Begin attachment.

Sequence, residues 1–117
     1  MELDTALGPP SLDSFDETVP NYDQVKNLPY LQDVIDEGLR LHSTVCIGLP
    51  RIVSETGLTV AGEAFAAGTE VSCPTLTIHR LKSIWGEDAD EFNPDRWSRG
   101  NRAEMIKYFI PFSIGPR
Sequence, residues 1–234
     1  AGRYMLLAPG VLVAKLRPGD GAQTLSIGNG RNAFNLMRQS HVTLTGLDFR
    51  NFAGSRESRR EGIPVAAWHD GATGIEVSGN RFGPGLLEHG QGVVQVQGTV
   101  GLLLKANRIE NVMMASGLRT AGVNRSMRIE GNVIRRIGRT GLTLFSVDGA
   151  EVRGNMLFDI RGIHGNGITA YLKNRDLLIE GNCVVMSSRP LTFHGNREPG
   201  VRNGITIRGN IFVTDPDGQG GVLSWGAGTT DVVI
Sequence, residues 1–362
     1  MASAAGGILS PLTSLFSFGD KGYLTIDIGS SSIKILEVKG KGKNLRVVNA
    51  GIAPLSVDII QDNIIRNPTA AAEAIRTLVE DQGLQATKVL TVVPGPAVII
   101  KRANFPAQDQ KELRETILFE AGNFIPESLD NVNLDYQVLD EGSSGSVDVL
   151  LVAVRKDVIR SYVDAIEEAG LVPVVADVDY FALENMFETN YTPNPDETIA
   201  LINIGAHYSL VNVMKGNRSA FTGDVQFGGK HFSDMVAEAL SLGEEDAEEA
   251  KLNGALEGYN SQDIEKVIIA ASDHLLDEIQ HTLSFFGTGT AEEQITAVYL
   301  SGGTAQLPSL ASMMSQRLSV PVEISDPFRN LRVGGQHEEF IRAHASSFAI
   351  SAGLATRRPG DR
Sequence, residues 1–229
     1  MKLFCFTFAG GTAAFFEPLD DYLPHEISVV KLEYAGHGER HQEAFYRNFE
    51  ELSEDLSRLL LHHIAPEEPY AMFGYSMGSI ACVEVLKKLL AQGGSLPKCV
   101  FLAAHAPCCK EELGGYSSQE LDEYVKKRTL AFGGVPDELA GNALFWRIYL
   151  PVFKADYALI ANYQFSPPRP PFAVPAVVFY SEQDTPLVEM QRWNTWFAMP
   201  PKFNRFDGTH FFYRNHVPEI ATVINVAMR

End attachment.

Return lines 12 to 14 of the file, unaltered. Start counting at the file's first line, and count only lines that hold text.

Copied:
     1  MASAAGGILS PLTSLFSFGD KGYLTIDIGS SSIKILEVKG KGKNLRVVNA
    51  GIAPLSVDII QDNIIRNPTA AAEAIRTLVE DQGLQATKVL TVVPGPAVII
   101  KRANFPAQDQ KELRETILFE AGNFIPESLD NVNLDYQVLD EGSSGSVDVL